- Free-software license: In order for me to trust any promise of no data sharing, I would only want to use a solution with a free-software license.
This is not going to be a comparison of offerings. I went with the first option that I felt satisfied all of those requirements which was matomo, formerly Piwik. If anybody has suggestions for alternatives that can tick the same boxes, I would be happy to hear about them.
Matomo is available as a plugin from the directory. It works with multisite though it is a bit confusing how some options are network wide and some site-specific. At least I could not see exactly why some were in one place and some in another. It is a dedicated analytics package, i.e. unlike JetPack it doesn’t offer any other functionality. While it does feature a lot of ecommerce and behaviour tracking options, it also very much caters to privacy conscious data nerds like me.
It is licensed under the GPL v3 (requirement 3). According to the plugin directory entry “100% data ownership, no one else can see your data. All data is stored in your WordPress and not sent to any third party or different country.” So that should satisfy requirement 1 and 2. The one non-homegrown resource that it uses appears to a geoip database that is downloaded to the site. In other words geoip location is not established by API calls out of the server but resolved locally. Also: The matomo team know better than to label their product “GDPR compliant”.
At time of writing it had been updated within the past month, had 30.000 active installations and has 63 out of 69 reviewers giving it 5 stars out of 5. Out of the 71 Mb in the wp-content/plugins folder, matomo accounted for 65 Mb. A chunky boy, in other words. I don’t know how much weight it has added to my database.
The ePrivacy directive: Cookie cutter
As I mentioned in the last post, compliance with the eprivacy directives can be laughably simple: Just don’t set any cookies.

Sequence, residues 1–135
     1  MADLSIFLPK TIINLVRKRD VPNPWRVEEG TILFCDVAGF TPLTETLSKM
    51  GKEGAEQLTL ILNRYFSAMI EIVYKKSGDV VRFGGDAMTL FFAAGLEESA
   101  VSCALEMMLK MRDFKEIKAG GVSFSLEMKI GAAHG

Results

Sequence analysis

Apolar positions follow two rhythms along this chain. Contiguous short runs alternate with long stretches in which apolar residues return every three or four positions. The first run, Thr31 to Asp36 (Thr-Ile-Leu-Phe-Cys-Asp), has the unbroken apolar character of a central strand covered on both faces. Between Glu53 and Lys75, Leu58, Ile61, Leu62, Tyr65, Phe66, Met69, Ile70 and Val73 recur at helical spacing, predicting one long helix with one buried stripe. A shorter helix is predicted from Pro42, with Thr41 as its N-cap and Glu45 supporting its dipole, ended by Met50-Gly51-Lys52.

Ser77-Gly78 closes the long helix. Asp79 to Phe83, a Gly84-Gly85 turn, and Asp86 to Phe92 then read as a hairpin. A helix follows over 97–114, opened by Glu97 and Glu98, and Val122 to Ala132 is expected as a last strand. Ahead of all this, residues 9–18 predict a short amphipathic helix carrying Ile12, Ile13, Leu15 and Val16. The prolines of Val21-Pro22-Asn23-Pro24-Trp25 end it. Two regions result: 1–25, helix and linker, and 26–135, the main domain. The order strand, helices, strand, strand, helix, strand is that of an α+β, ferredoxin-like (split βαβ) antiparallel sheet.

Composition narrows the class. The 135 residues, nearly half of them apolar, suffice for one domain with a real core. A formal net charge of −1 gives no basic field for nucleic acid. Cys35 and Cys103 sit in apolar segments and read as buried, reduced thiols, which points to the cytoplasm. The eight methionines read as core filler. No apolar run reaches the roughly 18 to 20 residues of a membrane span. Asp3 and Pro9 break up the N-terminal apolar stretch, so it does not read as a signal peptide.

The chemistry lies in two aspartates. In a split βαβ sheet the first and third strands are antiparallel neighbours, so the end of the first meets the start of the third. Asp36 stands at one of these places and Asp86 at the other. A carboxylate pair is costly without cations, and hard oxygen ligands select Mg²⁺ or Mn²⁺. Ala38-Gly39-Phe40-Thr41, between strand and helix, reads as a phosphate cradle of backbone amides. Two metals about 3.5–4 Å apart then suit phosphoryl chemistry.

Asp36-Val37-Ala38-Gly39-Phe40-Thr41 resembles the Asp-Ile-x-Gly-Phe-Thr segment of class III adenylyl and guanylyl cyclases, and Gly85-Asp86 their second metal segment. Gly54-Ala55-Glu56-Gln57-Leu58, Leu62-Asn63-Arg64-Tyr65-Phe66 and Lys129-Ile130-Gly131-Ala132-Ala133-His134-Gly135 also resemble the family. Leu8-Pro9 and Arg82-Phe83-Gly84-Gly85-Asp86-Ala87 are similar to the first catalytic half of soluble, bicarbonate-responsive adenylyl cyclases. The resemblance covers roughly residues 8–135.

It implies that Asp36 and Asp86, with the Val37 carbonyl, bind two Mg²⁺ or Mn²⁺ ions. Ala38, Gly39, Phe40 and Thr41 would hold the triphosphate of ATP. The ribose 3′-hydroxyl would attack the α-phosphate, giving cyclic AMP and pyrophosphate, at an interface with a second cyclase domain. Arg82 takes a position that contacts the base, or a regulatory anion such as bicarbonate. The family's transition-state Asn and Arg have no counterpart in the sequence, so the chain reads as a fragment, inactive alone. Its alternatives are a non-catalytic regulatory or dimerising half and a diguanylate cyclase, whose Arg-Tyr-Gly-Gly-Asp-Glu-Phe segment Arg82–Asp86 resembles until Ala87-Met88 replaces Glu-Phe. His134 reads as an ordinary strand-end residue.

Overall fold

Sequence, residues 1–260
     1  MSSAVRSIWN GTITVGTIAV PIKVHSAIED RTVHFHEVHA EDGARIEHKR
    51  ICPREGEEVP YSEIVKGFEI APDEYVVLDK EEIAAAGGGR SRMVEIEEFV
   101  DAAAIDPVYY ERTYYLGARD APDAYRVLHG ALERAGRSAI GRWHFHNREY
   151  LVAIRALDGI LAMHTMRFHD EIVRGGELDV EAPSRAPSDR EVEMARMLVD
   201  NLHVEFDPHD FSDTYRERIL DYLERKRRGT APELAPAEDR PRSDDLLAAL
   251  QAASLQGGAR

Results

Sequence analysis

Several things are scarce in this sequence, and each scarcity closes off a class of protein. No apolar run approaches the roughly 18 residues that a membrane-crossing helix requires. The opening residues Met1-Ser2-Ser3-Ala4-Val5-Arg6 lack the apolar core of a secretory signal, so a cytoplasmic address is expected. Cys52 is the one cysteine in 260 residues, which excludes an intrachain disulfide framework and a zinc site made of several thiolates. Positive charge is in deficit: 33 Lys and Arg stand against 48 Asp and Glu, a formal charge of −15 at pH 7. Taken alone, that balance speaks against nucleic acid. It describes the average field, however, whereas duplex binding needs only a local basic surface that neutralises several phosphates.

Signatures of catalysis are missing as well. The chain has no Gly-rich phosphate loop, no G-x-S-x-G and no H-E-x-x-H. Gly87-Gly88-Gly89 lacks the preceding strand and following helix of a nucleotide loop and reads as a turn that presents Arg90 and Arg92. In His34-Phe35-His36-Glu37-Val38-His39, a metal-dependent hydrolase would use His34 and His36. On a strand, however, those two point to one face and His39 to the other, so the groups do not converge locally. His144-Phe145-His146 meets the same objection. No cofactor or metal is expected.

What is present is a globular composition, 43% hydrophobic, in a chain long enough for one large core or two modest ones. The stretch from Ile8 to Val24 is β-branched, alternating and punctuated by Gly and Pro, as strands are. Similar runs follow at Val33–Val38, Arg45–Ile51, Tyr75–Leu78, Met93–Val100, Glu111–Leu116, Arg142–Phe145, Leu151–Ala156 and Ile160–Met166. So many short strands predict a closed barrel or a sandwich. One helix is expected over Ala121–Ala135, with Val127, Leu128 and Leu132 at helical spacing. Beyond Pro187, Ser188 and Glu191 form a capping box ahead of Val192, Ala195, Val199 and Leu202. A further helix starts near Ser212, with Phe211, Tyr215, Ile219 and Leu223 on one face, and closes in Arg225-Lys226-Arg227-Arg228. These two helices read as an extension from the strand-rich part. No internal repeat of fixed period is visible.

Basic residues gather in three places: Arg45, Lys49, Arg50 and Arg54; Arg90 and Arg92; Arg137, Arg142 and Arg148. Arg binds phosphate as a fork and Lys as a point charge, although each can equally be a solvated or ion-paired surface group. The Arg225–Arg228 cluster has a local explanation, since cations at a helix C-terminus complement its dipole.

As far as I have been able to ascertain, WordPress does not set any cookies by default if all you do is visit and read. Go to a login page and it immediately will set a test cookie, supposedly so it can better debug, should login fail for non-obvious reasons. This, I will consider completely “as strictly necessary in order to provide an information society service explicitly requested by the subscriber.” Also, for what it’s worth the login page is not intended for the public, i.e. I am not trying to provide visitors with an information society service here even if bruteforcers think I am. Commenting does not set cookies and I have opted to not include the “save my information when I comment” cookie opt-in option as it isn’t particularly useful here. While I’m deeply appreciative of anybody who cares to comment on a post, I am aware that Reddit, this ain’t.
Matomo, on the other hand, does set cookies by default. The main purpose is to generate a visitor profile for a session and to detect return visitors. These things are obviously useful to know if I run a business: How do people navigate my site and do I have return customers? I don’t, so it’s an easy decision to make. By ticking “Force tracking without cookies” in the Privacy settings (under the “Anonymize data” submenu option), matomo will no longer set cookies.